18. Sweating the small stuff: simulating dwarf galaxies, ultra-faint dwarf galaxies, and their own tiny satellites

    Science.gov (United States)

    Wheeler, Coral; Oñorbe, Jose; Bullock, James S.; Boylan-Kolchin, Michael; Elbert, Oliver D.; Garrison-Kimmel, Shea; Hopkins, Philip F.; Kereš, Dušan

    2015-10-01

    We present Feedback in Realistic Environment (FIRE)/GIZMO hydrodynamic zoom-in simulations of isolated dark matter haloes, two each at the mass of classical dwarf galaxies (Mvir ≃ 1010 M⊙) and ultra-faint galaxies (Mvir ≃ 109 M⊙), and with two feedback implementations. The resulting central galaxies lie on an extrapolated abundance matching relation from M⋆ ≃ 106 to 104 M⊙ without a break. Every host is filled with subhaloes, many of which form stars. Each of our dwarfs with M⋆ ≃ 106 M⊙ has 1-2 well-resolved satellites with M⋆ = 3-200 × 103 M⊙. Even our isolated ultra-faint galaxies have star-forming subhaloes. If this is representative, dwarf galaxies throughout the Universe should commonly host tiny satellite galaxies of their own. We combine our results with the Exploring the Local Volume in Simulations (ELVIS) simulations to show that targeting ˜ 50 kpc regions around nearby isolated dwarfs could increase the chances of discovering ultra-faint galaxies by ˜35 per cent compared to random pointings, and specifically identify the region around the Phoenix dwarf galaxy as a good potential target. The well-resolved ultra-faint galaxies in our simulations (M⋆ ≃ 3-30 × 103 M⊙) form within Mpeak ≃ 0.5-3 × 109 M⊙ haloes. Each has a uniformly ancient stellar population ( > 10 Gyr) owing to reionization-related quenching. More massive systems, in contrast, all have late-time star formation. Our results suggest that Mhalo ≃ 5 × 109 M⊙ is a probable dividing line between haloes hosting reionization `fossils' and those hosting dwarfs that can continue to form stars in isolation after reionization.

  19. Chemical Evolution of Blue Compact Galaxies

    Institute of Scientific and Technical Information of China (English)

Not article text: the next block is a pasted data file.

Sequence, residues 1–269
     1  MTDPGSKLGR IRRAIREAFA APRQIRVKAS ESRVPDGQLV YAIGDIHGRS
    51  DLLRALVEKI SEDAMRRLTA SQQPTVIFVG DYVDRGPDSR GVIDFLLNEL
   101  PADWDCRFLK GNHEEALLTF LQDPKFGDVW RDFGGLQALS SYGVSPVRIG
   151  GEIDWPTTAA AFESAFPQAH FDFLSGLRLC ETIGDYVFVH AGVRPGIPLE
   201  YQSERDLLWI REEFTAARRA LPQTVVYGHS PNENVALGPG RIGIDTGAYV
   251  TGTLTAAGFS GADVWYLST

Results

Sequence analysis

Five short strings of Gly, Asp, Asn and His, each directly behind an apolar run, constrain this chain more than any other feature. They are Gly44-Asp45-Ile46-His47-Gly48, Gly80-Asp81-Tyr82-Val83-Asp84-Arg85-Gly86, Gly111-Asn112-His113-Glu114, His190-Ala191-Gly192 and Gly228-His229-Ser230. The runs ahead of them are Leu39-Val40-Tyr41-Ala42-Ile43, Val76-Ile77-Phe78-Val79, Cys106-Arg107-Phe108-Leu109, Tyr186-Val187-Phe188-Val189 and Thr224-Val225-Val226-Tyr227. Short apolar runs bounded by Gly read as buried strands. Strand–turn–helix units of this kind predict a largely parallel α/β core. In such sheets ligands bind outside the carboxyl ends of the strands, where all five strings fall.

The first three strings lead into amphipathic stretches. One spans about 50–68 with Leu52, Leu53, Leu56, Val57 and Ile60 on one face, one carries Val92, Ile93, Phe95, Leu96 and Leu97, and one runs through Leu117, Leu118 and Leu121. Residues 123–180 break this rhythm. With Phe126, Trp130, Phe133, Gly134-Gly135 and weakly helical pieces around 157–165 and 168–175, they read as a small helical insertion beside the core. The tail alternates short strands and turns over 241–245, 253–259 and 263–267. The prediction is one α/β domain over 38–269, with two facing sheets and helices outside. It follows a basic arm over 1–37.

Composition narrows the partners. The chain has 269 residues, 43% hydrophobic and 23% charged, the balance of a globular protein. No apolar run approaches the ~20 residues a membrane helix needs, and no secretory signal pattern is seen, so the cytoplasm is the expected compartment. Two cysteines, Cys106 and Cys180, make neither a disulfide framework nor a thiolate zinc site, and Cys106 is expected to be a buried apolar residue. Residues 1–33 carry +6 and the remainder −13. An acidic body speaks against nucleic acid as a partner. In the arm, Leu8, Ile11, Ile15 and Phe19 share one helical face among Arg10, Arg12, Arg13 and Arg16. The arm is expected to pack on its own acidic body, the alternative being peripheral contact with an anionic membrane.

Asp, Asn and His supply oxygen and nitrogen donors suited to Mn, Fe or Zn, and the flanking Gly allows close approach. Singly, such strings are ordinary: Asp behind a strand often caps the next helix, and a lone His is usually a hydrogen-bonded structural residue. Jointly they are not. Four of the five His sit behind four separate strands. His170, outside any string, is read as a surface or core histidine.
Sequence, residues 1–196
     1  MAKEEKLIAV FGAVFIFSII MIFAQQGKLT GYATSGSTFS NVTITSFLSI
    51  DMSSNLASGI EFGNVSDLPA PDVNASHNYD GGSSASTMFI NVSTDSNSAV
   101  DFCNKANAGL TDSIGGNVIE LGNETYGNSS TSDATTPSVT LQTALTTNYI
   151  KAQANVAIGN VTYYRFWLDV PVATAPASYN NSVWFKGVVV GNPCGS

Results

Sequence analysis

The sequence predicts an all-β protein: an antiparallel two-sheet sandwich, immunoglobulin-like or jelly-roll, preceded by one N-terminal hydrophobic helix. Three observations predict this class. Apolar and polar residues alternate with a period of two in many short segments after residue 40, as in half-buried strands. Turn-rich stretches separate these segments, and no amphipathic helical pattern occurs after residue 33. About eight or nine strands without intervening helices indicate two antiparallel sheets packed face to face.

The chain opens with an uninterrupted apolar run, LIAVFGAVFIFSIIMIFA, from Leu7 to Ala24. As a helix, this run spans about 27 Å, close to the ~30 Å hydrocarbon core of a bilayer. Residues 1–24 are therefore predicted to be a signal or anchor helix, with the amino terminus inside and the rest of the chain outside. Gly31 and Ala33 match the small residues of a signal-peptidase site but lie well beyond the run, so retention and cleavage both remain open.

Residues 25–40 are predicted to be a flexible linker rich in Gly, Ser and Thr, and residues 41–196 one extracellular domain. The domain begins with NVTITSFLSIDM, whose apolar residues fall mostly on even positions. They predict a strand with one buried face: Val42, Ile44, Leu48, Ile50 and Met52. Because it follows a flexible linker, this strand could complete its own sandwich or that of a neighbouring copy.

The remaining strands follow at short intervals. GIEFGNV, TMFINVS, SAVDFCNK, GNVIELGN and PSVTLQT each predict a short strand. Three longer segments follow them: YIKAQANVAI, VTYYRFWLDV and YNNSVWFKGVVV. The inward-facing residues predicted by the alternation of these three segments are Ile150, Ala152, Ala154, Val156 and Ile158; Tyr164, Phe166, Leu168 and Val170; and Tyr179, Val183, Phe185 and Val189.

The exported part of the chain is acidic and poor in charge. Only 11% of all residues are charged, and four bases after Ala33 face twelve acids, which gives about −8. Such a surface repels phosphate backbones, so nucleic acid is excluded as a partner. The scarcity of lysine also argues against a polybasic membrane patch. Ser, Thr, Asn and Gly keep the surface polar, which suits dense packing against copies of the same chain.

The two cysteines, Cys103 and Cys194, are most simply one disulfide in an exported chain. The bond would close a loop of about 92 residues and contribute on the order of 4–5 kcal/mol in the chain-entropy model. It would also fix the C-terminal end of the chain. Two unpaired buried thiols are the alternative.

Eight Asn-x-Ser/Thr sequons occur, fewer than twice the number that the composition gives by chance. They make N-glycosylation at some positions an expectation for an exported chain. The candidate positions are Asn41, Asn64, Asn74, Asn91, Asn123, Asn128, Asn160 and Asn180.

Fei Shi; Xu Kong; Fu-Zhen Cheng

    2006-01-01

    Based on a sample of 72 Blue Compact Galaxies (BCGs) observed with the 2.16 m telescope of the National Astronomical Observatories, Chinese Academy of Sciences (NAOC) and about 4000 strong emission line galaxies from the Sloan Digital Sky Survey,we analyzed their chemical evolution history using the revised chemical evolution model of Larsen et al. Our sample covers a much larger metallicity range (7.2<12+log(O/H) <9.0). We found that, in order to reproduce the observed abundance pattern and gas fraction over the whole metallicity range, a relatively continuous star formation history is needed for high metallicity galaxies, while assuming a series of instantaneous bursts with long quiescent periods (some Gyrs) for low metallicity galaxies. Model calculations also show that only the closed-box model is capable of reproducing the observational data over the whole metallicity range. Models that consider the ordinary winds and/or inflow can only fit the observations in the low metallicity range, and a model with enriched wind cannot fit the data in the whole metallicity range. This implies that the current adopted simple wind and inflow models are not applicable to massive galaxies, where the underlying physics of galactic winds or inflow could be more complicated.